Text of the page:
The University was also ranked first in the world for SDG15 – Life on Land. Initiatives supporting this included research by the into soil microbial diversity, work to enhance and map our nature on campus and the commitment the University places on sustainable food procurement. 

Other areas where the University was shown to be a world leader include research impact towards SDG9 – Industry, Innovation and Infrastructure; the number of citing university research; the number of university the quality of the University’s SDG reporting; and on the commitment to educational for sustainable development through the School of Health Science’s free and interdisciplinary UCIL

Professor Dame Nancy Rothwell, President and Vice-Chancellor of Vlogٷ said: “Retaining the number one rank in the UK and Europe, as well as coming second in the world once again in this year’s THE Impact Rankings is a great achievement for the whole of Vlogٷ. Being recognised for our commitment to Social Responsibility is especially important during our bicentenary year in which we celebrate 200 years of our incredible people and community and look toward the future.”&Բ;

Professor Nalin Thakkar, Vice-President for Social Responsibility at Vlogٷ said: “Social responsibility is, of course, a core goal for us so we’re delighted to be ranked top in the UK, top in Europe and second in the world in the 2024 THE Impact Rankings, which are based on our performance against the 17 United Nations’ Sustainable Development Goals. 

“These rankings cover our full range of functions – across research, students, public engagement and university operations – and we’re proud to be part of this growing community of universities who want to improve our society, economy and environment in all that we do.”&Բ;

Phil Baty, Times Higher Education’s chief global affairs officer, said: “With universities in the UK facing a funding crisis, and dozens making cuts and some predicted to close, this new data provides a very timely evidence base to demonstrate that the UK has a great diversity of global-leading universities, right across the country, way beyond the more traditional research elite.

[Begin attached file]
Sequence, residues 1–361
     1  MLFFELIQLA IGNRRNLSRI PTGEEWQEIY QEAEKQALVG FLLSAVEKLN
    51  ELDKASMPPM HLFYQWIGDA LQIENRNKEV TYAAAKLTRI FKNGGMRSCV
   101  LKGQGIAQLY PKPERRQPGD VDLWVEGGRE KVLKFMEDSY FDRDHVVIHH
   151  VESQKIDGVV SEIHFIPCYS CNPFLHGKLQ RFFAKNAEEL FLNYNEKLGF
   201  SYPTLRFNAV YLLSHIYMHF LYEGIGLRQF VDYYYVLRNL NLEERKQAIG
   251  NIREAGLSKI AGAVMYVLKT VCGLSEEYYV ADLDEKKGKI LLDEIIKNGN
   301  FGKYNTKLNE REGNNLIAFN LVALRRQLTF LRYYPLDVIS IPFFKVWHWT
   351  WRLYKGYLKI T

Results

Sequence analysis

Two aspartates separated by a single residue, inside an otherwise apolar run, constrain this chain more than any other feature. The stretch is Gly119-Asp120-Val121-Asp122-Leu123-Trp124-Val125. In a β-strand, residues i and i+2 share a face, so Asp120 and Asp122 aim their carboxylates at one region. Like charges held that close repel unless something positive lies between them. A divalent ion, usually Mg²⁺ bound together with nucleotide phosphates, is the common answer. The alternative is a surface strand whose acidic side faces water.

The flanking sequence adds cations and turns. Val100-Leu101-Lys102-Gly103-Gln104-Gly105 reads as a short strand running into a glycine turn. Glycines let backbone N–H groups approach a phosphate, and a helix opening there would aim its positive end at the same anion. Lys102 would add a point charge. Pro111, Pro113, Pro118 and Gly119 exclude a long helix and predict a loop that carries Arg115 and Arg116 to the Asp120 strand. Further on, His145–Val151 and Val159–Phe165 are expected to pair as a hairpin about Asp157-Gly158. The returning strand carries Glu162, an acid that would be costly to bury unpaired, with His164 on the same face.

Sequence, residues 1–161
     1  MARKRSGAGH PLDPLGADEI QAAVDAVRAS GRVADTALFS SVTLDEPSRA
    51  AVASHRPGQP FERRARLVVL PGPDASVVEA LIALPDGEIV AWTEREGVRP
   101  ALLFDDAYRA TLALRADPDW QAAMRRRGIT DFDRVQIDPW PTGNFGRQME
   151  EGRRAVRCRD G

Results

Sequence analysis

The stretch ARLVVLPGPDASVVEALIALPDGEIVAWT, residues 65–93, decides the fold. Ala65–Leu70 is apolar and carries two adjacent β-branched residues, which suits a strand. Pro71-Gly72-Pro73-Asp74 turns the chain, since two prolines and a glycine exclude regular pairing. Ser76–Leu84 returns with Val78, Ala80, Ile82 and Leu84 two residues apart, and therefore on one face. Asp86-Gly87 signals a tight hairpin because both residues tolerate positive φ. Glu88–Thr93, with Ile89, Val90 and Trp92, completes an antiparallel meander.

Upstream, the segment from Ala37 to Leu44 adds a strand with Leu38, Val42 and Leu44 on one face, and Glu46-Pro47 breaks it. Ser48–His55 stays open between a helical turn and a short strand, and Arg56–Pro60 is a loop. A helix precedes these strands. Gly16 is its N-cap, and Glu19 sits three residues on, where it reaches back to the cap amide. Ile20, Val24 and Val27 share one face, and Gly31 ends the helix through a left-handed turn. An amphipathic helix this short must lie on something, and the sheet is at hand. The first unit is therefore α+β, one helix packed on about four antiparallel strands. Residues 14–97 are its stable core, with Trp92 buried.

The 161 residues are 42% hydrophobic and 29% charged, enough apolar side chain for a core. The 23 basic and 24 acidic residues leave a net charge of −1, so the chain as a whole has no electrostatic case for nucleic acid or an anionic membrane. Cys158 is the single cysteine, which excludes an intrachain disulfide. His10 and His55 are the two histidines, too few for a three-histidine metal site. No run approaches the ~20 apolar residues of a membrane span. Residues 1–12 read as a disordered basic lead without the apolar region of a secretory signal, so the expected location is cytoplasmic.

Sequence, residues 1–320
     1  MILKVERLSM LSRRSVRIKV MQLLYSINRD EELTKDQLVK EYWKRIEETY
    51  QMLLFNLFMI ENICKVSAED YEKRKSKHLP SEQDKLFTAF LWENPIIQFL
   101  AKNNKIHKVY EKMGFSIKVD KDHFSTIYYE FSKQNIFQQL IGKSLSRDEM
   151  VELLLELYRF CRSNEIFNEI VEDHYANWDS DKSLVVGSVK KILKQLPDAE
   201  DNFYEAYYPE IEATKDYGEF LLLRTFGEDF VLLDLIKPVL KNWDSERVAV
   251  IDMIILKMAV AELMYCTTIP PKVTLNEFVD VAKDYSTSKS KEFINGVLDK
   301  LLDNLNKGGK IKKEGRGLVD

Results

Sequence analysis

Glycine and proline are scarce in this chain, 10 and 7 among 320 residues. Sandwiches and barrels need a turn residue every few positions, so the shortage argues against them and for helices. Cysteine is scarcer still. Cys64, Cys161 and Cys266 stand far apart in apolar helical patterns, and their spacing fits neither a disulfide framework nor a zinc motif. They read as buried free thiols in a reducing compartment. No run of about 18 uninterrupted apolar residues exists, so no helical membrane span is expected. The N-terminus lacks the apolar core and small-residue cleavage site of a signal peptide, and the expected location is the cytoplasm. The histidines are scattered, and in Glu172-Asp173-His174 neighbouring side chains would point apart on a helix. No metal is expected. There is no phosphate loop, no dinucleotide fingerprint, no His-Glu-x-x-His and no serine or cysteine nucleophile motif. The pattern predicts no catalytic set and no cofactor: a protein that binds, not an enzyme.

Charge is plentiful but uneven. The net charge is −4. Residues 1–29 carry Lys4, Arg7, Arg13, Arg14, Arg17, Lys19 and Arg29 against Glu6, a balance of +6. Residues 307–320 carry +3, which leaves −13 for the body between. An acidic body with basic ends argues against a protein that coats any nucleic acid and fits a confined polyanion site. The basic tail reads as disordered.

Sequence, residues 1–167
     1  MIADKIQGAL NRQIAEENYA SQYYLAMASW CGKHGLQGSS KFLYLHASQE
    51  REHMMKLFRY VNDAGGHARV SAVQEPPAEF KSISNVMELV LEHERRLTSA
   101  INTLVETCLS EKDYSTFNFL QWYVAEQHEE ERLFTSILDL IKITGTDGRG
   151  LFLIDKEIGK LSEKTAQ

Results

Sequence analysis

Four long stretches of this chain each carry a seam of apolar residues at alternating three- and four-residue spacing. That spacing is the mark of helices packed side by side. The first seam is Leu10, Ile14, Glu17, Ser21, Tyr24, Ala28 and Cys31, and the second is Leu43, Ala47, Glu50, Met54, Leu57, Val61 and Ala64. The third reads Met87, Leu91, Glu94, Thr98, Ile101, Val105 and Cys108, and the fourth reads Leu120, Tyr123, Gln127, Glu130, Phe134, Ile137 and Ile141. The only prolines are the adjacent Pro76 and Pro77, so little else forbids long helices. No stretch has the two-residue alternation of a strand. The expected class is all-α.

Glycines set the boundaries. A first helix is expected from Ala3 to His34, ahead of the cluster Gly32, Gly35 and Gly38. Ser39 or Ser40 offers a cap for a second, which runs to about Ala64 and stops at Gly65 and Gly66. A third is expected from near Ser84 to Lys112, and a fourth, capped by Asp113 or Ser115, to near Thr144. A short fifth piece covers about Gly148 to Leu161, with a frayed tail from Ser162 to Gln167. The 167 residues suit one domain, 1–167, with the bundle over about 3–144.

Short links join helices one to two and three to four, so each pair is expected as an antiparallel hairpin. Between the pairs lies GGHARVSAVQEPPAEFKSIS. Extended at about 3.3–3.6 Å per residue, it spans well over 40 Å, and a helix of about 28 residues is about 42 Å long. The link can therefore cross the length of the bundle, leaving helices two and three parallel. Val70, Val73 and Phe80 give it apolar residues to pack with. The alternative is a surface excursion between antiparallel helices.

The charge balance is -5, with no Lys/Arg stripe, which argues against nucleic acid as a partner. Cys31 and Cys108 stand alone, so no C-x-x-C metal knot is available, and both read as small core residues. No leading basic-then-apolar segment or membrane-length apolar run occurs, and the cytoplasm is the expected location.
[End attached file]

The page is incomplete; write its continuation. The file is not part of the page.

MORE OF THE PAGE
“Universities on the whole are offering clear, real-world impact for society – they are a powerful public good worthy of public support. Excellence in international higher education comes in many forms and this ranking very clearly demonstrates the UK has an abundance of excellence – world leaders – on many fronts.  

“There is a lot of talk in Westminster about how many international students the UK should welcome and which universities they should be allowed to study at. This new data shows that a very diverse range of universities from across the country are attractive to the ‘brightest and the best’ from around the globe and can deliver real impact.”&Բ; 

THE’s Impact Rankings 2024 - World Top 10:   



Rank 2024  

Rank 2023  

Western Sydney University  




University of Manchester  

United Kingdom  



University of Tasmania  




Aalborg University  




RMIT University  




University of Alberta  




UNSW Sydney  




Queen’s University  




Arizona State University (Tempe)  

United States  



University of Exeter  

United Kingdom  



View the full  

For more information about how Vlogٷ is contributing towards the UN SDGs please see: /discover/social-responsibility/sdgs/

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Thousands of young people share scientific questions once again this year in the Great Science Share for Schools /discover/news/thousands-of-young-people-share-scientific-questions-once-again-this-year-in-the-great-science-share-for-schools/ /discover/news/thousands-of-young-people-share-scientific-questions-once-again-this-year-in-the-great-science-share-for-schools/635978School pupils across the globe will be sharing their scientific curiosity this week as this year’s celebrates its annual Share Day.

School pupils across the globe will be sharing their scientific curiosity this week as this year’s celebrates its annual Share Day.

Throughout the year, teachers of 5-14 years olds have the chance to upskill in their own knowledge and skills of teaching science enquiry, using innovative resources and ideas related to the theme of Sustainable Science to involve their pupils in asking and investigating scientific questions that matter to them.